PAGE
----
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I Wanna Be Your Joey Ramone
by Stephanie Kuehnert

Overview - A raw, edgy, emotional novel about growing up punk and living to tell.
The Clash. Social Distortion. Dead Kennedys. Patti Smith. The Ramones.
Punk rock is in Emily Black's blood. Her mother, Louisa, hit the road to follow the incendiary music scene when Emily was four months old and never came back.
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More About I Wanna Be Your Joey Ramone by Stephanie Kuehnert
 
 
 
Overview
A raw, edgy, emotional novel about growing up punk and living to tell.
The Clash. Social Distortion. Dead Kennedys. Patti Smith. The Ramones.
Punk rock is in Emily Black's blood. Her mother, Louisa, hit the road to follow the incendiary music scene when Emily was four months old and never came back. Now Emily's all grown up with a punk band of her own, determined to find the tune that will bring her mother home. Because if Louisa really is following the music, shouldn't it lead her right back to Emily?

 
Details
  • ISBN-13: 9781416562696
  • ISBN-10: 1416562699
  • Publisher: MTV Books
  • Publish Date: July 2008
  • Page Count: 340


Related Categories

Books > Fiction > General

 
Publishers Weekly Reviews

Publishers Weekly® Reviews

  • Reviewed in: Publishers Weekly, page 75.
  • Review Date: 2008-07-28
  • Reviewer: Staff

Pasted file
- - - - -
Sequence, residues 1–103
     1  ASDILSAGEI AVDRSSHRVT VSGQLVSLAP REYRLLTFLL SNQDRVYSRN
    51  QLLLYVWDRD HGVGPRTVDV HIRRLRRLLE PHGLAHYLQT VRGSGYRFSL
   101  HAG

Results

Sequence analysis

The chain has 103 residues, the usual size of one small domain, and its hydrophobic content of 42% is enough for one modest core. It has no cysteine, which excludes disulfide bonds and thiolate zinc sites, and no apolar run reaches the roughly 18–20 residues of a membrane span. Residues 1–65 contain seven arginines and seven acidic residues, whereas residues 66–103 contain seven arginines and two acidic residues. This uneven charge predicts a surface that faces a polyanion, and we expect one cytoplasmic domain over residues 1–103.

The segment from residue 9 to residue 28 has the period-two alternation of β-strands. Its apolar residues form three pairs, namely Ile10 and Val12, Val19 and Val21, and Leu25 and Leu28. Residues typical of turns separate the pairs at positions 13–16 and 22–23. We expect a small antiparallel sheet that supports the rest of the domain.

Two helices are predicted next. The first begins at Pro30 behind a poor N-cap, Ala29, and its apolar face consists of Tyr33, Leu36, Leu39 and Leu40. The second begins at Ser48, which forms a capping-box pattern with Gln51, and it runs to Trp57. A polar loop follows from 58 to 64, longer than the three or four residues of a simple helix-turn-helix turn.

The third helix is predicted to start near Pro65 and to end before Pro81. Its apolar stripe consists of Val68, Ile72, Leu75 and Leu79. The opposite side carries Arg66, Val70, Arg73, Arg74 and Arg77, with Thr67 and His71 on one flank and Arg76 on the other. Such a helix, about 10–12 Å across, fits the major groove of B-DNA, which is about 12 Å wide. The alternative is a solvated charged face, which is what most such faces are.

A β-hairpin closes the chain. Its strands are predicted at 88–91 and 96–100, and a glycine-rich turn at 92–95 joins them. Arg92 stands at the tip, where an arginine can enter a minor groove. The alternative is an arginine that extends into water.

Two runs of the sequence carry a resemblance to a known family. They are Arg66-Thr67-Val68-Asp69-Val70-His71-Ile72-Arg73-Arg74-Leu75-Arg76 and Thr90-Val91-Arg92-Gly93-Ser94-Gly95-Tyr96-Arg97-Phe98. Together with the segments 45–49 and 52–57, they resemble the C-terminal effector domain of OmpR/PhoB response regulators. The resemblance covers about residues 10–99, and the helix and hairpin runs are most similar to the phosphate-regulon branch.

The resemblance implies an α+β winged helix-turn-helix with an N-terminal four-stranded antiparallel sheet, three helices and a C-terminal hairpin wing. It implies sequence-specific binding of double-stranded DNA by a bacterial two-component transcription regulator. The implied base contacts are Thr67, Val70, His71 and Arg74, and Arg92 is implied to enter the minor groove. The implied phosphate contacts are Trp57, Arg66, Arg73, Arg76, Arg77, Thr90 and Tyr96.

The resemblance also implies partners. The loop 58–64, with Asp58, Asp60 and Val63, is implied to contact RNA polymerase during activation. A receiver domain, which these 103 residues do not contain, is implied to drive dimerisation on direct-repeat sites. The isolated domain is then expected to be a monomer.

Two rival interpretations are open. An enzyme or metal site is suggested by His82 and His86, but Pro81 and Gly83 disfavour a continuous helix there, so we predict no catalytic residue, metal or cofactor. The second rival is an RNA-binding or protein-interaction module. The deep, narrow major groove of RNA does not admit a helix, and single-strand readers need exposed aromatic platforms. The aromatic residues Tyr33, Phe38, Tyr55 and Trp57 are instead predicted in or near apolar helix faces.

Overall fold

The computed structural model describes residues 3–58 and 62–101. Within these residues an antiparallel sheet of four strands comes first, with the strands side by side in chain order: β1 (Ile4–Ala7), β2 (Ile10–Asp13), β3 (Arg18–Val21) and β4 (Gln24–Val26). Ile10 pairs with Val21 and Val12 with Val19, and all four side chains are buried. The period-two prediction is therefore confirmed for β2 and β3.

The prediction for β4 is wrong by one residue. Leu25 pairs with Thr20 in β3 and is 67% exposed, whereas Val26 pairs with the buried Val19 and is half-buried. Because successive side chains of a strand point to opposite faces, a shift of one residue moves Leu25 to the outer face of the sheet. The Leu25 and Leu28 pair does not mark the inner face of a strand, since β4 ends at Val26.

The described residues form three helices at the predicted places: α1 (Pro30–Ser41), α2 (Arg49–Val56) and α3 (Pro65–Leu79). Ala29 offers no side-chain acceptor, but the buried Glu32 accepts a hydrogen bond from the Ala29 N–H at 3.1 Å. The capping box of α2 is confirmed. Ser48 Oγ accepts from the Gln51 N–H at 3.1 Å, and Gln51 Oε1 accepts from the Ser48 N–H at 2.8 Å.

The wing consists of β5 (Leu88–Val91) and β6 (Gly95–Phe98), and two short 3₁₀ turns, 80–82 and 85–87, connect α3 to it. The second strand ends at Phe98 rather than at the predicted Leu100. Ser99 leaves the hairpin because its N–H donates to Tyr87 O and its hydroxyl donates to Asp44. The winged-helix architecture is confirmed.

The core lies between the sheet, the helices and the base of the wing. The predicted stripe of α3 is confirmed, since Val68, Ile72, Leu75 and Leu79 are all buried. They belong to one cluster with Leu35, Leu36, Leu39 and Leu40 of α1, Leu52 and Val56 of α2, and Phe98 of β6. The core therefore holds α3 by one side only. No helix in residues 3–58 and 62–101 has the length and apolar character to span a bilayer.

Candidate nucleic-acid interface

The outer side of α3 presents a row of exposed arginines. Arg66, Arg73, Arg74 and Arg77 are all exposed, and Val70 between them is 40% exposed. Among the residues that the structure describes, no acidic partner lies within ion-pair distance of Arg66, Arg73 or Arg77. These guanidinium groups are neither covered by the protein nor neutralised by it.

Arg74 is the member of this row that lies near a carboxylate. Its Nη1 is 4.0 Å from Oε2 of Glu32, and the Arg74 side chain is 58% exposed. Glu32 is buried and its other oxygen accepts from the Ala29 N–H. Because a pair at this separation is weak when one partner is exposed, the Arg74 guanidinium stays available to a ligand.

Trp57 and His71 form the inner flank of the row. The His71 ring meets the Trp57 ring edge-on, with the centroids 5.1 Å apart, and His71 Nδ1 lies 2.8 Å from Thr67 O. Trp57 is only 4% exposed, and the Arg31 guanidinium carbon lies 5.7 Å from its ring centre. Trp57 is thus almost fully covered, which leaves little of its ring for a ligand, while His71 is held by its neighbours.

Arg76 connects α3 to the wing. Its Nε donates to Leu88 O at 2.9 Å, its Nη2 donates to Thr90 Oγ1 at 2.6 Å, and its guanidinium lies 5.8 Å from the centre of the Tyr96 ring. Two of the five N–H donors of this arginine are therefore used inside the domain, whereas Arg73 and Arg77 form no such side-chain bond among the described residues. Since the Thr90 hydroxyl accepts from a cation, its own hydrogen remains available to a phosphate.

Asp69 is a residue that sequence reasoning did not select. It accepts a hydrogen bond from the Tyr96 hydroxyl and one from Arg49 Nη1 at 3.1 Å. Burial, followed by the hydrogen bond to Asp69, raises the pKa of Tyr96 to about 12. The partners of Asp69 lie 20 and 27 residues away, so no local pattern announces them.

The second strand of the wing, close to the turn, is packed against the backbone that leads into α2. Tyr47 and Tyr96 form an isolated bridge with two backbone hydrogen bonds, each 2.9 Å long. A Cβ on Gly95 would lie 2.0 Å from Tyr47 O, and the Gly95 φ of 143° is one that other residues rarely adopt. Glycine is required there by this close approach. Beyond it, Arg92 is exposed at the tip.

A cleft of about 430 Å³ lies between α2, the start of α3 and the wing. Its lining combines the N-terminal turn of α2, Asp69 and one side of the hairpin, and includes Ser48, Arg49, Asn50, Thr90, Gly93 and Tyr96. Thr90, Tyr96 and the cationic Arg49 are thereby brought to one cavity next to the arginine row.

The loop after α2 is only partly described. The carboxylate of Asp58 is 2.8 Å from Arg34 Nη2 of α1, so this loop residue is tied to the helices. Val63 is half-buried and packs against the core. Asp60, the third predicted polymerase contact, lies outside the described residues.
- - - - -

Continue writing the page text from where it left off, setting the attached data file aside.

Emily Black, heroine of this '90s-era novel, grows up in a small Wisconsin town where everyone expects her to turn out “bad,” like her mother, Louisa, who abandoned husband and daughter early in Emily's childhood. Emily eagerly imbibes the legends about Louisa (her favorite: fleeing town on the back of a motorcycle, a teenage Louisa hurls her high heels through store windows on Main Street) and tells herself she doesn't miss her mother, yet Emily nurtures herself on Louisa's punk-rock ethos, eventually forming a band. Debut author Kuehnert keeps the story raw and gritty as Emily's band starts making it on the music scene, throwing in plenty of sex, booze and drugs, but weakens her grip by alternating Emily's story with Louisa's. The two are briefly reunited in a coincidence-heavy, rushed ending. The writing runs toward excess (“In the dim moonlight, remorse bruised circles under her dark eyes and traced lines around them”) but the intensity of the characters' emotions and experiences will beguile many teen readers. Ages 14–up. (July)

 
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